Naomi de Jesus, Velez’s girlfriend, is an eighth-grade schoolteacher who also teaches at Mercy College at night. She cried a lot in the days before his departure—sometimes if he was just calling to say he was on his way home. But when Velez posed this very serious question, she composed herself. She thought about everything they’d shared in a short time and how it was like a fairy tale to find such a good person against such a deadline.
“You know I really wouldn’t care,” she told Velez. “As long as you come back alive.”
When Velez recounted this story to me the day before he was to leave, he seemed moved anew. It brought her into focus, her terrific qualities, and also the idea of marriage. His mind seemed to drift in a kind of associative chain. He thought about departing, and about Iraq, and how in the last few days he recognized that he was scared, really scared, and the chemistry of all these thoughts led Velez to a conclusion. He was sure of it now. He told me that he would propose that night. “We’re going to get married,” he said. Then, as if continuing this thought, he added, “I hope I come back.”
Three months later, Velez was the gunner in a Humvee, escorting a convoy in Kirkuk north of Baghdad. His job was to scan the road for enemy targets, which is no doubt what he was doing when, a few minutes past midnight on June 9, a bomb exploded under the Humvee’s right rear passenger door. Velez was taken to a combat service hospital in Baghdad. At 1:35 A.M., a surgeon pronounced him dead. He was one of 2,500 Americans to die in Iraq.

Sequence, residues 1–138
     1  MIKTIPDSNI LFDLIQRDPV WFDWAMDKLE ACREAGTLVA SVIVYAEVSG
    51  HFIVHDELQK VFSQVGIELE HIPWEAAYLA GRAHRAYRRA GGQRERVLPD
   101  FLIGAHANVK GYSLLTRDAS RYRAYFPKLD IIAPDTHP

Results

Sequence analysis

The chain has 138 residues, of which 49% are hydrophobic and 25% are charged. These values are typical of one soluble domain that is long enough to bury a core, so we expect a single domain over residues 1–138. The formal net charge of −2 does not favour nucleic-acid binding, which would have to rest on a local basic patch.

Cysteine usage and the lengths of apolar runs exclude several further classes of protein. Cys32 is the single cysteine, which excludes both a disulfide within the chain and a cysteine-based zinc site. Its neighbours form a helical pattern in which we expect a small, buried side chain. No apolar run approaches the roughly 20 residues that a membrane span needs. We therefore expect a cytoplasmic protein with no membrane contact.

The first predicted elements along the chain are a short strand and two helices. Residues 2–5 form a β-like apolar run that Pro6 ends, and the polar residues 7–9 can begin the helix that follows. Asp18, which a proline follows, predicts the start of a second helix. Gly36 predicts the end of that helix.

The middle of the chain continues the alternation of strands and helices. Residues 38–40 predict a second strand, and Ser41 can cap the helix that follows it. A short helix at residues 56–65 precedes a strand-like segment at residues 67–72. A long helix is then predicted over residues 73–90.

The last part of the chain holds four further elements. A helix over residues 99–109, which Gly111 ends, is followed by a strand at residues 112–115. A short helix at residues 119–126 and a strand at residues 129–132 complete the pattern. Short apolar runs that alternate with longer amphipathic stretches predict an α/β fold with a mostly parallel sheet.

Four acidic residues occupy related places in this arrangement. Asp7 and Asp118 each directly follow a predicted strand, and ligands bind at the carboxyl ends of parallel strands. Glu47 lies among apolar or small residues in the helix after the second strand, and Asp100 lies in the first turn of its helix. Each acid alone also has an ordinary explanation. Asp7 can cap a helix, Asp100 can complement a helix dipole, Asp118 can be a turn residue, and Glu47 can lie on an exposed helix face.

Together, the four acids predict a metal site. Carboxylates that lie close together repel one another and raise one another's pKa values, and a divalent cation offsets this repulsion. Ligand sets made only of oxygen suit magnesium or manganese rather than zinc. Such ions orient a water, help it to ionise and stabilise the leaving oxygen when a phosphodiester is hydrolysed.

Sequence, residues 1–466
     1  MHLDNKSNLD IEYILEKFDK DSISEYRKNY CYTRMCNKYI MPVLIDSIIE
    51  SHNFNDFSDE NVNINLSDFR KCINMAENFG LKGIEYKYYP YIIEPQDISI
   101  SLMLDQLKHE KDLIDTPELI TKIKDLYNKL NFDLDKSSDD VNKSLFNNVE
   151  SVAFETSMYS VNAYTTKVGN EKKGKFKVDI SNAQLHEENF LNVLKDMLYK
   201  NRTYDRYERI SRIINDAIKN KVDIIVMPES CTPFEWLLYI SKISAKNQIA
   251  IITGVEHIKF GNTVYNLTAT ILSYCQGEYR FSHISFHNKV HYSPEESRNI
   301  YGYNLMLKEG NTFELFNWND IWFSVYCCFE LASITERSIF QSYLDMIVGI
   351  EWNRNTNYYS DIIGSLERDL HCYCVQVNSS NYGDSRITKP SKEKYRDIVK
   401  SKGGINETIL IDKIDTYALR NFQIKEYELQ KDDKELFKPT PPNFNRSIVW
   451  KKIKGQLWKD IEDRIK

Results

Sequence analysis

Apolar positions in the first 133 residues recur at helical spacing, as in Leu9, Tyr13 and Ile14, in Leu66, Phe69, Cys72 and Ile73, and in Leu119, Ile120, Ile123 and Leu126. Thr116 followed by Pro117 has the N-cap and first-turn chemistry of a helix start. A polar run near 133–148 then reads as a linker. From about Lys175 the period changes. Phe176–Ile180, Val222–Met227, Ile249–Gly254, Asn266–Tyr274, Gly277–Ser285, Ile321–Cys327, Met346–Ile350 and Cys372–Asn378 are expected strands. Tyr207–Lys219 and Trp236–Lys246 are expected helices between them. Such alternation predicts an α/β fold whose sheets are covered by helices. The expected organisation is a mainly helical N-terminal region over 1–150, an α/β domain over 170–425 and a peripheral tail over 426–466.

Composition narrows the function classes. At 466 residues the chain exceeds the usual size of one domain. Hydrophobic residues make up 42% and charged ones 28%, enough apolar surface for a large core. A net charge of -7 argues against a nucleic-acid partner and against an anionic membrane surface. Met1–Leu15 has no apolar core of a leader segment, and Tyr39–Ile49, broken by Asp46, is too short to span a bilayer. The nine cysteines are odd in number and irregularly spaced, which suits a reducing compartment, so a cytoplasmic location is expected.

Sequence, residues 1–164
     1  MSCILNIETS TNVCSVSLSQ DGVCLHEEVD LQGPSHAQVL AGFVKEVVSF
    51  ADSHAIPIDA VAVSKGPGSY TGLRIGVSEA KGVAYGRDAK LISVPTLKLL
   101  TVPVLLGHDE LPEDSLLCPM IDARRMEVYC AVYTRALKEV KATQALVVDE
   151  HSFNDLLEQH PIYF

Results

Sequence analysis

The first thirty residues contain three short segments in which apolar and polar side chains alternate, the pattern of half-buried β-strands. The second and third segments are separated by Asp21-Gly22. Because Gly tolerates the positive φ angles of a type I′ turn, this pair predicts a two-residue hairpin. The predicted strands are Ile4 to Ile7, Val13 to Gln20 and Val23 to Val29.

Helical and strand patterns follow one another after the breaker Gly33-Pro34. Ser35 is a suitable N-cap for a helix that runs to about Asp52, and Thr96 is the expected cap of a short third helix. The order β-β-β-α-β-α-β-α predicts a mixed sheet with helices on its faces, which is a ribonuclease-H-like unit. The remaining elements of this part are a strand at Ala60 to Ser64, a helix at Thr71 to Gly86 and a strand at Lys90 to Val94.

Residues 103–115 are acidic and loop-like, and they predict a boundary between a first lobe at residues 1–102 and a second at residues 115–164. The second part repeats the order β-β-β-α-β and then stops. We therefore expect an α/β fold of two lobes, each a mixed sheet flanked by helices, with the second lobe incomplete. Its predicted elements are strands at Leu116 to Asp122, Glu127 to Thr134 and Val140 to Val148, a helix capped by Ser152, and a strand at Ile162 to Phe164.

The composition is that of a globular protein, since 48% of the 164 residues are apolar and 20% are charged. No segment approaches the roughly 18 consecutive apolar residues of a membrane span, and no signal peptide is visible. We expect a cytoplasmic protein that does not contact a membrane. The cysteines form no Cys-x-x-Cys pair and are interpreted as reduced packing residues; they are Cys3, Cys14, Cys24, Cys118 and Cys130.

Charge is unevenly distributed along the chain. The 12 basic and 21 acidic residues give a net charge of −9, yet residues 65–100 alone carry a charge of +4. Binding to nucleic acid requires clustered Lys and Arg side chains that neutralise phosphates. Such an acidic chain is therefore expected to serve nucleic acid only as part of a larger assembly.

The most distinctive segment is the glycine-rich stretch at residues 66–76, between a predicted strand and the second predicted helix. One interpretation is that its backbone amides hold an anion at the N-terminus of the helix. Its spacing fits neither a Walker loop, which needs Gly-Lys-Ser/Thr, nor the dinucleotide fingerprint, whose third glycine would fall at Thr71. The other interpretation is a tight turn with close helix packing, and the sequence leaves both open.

I didn’t know if Velez was engaged at the time of his death—or if he’d even popped the question. In my mind, it seemed a key omission in the cold official report of his death. So I called Naomi.
As it turned out, the night before Velez left, his plans changed. Velez had intended to pick up Naomi, and with her son and his two children from previous relationships, go to dinner, which would have been the setting to talk of marriage. But as he walked into Naomi’s apartment, people shouted, “Surprise!” Naomi had invited her family and his family for a farewell party. And so, improvising, Velez had leaned over to her when the entire party sat down to dinner. “I love you. You’re the most important thing to me. I know I want to spend the rest of my life with you,” he told her. It was a marriage proposal, and as I heard the words, something of a plea. Naomi told me she was busily planning their wedding for when he returned. He e-mailed her that they’d have a baby together. She was looking for a house for them. I know that all the plans make his death more tragic. But, somehow, I was happy to hear them, happy to hear that Iraq hadn’t ended his life, until it did.